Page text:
The Proposed Final Draft contains the entire project: Chapter 1, Federal-Tribal Relations; Chapter 2, Tribal Authority; Chapter 3, State-Tribal Relations; Chapter 4, Tribal Economic Development; Chapter 5, Indian County Criminal Jurisdiction; and Chapter 6, Natural Resources. The membership voted to approve the Proposed Final Draft at the 2021 Annual Meeting, subject to the discussion at the Meeting and editorial prerogative. This material may be cited as representing the Institute’s position until the official text is published.

     
  •  
    Tentative Draft No. 4
    #1RLAITD4E

     

    Tentative Draft No. 4 contains § 10 of Chapter 1, Federal-Tribal Relations; § 33 of Chapter 2, Subchapter 2, The Powers of Indian Tribes; §§36, 36A and 37-43 of Chapter 3, Subchapter 1, State Authority; §§ 52-55 of Chapter 4, Subchapter 1, Indian Tribes as Economic Regulators; §§ 63, and 67-68 of Chapter 4, Subchapter 2, Indian Tribes as Economic Actors; and Chapter 6, Natural Resources. This draft was prepared for consideration at the 2020 Annual Meeting, which was cancelled. The draft has not been considered by the membership of ALI and therefore does not represent the position of the Institute on any of the issues with which it deals. The draft may be revised or supplemented prior to consideration by the membership in 2021.

     
  •  
    Tentative Draft No. 3
    Tentative Draft No. 3
    150 pages, 2019, #1RLAITD3

    TABLE OF CONTENTS

     

    Project Status at a Glance             xi

    Foreword            xiii

    Reporters’ Memorandum              xvii

     

    CHAPTER 3

    STATE–TRIBAL RELATIONS

    Subchapter 2 – The Indian Child Welfare Act and Similar State Laws

    Reporters’ Introductory Note About the Indian Child Welfare Act and Similar

             State Laws 1

    § 44. Application of the Indian Child Welfare Act   4

    § 45. Tribal Jurisdiction over Indian Child-Welfare Matters               11

    § 46. State-Court Jurisdiction       12

    § 47. Obligation to Notify Indian Child’s Parents, Custodians, and Indian Tribes        23

    § 48. Right to Intervene in State-Court Indian Child-Welfare Matters            28

    § 49. Dismissal of Indian Child-Welfare Matters When Tribe Has Exclusive

             Jurisdiction 30

    § 50. Transfer of Indian Child-Welfare Matters When Tribal and State Courts Share

              Concurrent Jurisdiction        32

    § 51. Termination of the Rights of an Indian Parent             34

     

    CHAPTER 4

    TRIBAL ECONOMIC DEVELOPMENT

    Subchapter 2 – Indian Tribes as Economic Actors

    § 58. Tribal Economic Enterprises               39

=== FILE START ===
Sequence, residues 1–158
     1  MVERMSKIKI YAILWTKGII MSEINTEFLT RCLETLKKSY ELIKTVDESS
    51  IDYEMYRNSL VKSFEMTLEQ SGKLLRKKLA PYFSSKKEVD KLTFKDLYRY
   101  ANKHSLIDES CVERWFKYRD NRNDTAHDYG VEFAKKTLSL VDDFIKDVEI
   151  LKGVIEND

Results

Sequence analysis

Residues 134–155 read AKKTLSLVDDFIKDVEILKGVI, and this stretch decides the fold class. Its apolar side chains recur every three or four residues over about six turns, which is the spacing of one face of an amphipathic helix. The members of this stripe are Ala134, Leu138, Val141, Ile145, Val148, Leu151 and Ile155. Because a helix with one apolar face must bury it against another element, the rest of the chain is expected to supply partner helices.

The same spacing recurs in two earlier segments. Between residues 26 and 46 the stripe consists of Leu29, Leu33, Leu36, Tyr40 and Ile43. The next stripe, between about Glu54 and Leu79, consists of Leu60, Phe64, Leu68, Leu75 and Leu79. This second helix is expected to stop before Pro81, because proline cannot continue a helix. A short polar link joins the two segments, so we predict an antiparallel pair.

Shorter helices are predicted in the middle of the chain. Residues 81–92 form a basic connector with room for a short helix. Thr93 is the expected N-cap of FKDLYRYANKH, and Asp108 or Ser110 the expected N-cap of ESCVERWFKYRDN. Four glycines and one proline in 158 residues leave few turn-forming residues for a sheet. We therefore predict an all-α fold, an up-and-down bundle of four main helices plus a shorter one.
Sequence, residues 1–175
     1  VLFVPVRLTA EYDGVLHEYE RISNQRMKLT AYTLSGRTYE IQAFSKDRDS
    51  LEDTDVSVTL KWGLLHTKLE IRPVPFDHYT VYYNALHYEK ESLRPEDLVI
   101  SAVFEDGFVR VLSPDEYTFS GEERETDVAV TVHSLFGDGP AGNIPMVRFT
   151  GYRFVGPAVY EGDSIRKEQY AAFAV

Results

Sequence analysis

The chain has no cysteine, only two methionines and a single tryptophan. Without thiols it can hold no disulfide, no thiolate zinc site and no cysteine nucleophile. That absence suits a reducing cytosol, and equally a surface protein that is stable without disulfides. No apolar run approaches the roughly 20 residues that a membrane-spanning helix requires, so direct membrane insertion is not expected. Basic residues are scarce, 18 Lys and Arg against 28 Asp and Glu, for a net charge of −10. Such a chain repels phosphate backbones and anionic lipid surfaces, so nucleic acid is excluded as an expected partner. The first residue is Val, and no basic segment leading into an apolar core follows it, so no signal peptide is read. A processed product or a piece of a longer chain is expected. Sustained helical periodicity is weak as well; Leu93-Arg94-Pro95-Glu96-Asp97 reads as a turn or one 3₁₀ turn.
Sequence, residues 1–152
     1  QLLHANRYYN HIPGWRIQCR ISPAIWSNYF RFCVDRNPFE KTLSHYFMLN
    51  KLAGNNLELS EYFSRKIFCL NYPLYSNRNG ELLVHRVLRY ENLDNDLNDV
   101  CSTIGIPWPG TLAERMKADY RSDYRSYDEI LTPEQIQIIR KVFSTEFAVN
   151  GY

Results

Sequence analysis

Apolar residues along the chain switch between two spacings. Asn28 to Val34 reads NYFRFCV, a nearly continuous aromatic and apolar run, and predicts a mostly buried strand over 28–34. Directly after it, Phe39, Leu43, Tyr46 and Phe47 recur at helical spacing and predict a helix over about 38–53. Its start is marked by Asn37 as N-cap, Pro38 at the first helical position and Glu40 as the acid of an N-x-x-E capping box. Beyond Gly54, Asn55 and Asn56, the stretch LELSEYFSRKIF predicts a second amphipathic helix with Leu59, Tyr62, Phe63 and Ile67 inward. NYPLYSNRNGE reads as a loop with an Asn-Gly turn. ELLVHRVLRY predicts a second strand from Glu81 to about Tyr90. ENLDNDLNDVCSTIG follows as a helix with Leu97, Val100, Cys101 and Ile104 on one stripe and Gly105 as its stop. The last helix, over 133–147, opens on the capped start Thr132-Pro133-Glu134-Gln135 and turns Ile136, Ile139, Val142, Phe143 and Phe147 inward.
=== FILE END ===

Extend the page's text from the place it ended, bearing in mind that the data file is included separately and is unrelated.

§ 59. Sovereign Immunity of Indian Tribes and Arms of Tribes          44

    § 60. Sovereign Immunity of Tribal Corporations Formed Pursuant to the Indian

             Reorganization Act and the Oklahoma Indian Welfare Act       49

    § 61. Sovereign Immunity of Tribal Corporations and Other Business Associations

              Formed Pursuant to Tribal Law         51

    § 62. Sovereign Immunity of Corporations and Other Business Associations

             Formed by Indian Tribes Pursuant to State Law            56

    § 63. State-Court Subject-Matter Jurisdiction over Actions to Enforce Economic

             Obligations Entered into by Indian Tribes and Their Economic Enterprises

              [Reserved] 61

    § 64. Federal-Court Jurisdiction over Actions to Enforce Economic Obligations

               Entered into by Indian Tribes and by Tribal Corporations:

               Diversity of Citizenship        61

    § 65. Federal-Court Jurisdiction over Actions to Enforce Economic

             Obligations Involving Indian Tribes: Federal Questions              68

    § 66. Federal-Court Jurisdiction over Actions Arising Under Federal Indian

             Common Law: Federal Questions      74

     

    CHAPTER 5

    INDIAN COUNTRY CRIMINAL JURISDICTION

    Reporters’ Introductory Note About Indian Country Criminal Jurisdiction    79

    Indian Country Criminal Jurisdictional Chart            80

    § 100. Indian Country      82

    § 101. Indian Status         86

    § 102. Scope of Federal Criminal Jurisdiction in Indian Country        89

    § 103. Scope of State Criminal Jurisdiction in Indian Country            97

    § 104. Federal Statutory Authorization of State Jurisdiction over Indian

               Country Crimes      101

    § 105. Scope of Tribal Criminal Jurisdiction             104

    § 106. Constitutional Rights of Persons Subject to Tribal Criminal Jurisdiction            108

    § 107. Federal Habeas Rights of Persons Detained by Indian Tribes 111

    § 108. Double Jeopardy  112

    Appendix A. Black Letter of Tentative Draft No. 3 115

    Appendix B. Other Relevant Black-Letter Text        125

    Tentative Draft No. 3 contains Chapter 3, Subchapter 2, §§ 44-51 (State-Tribal Relations–The Indian Child Welfare Act and Similar State Laws); Chapter 4, Subchapter 2, §§ 58-62 and 64-66 (Tribal Economic Development – Indian Tribes as Economic Actors); and Chapter 5, §§ 100-108 (Indian Country Criminal Jurisdiction). The draft was approved by the membership at the 2019 Annual Meeting, subject to the discussion at the Meeting and to the usual editorial prerogative. This material may be cited as representing the Institute’s position until the official text of the entire project is published.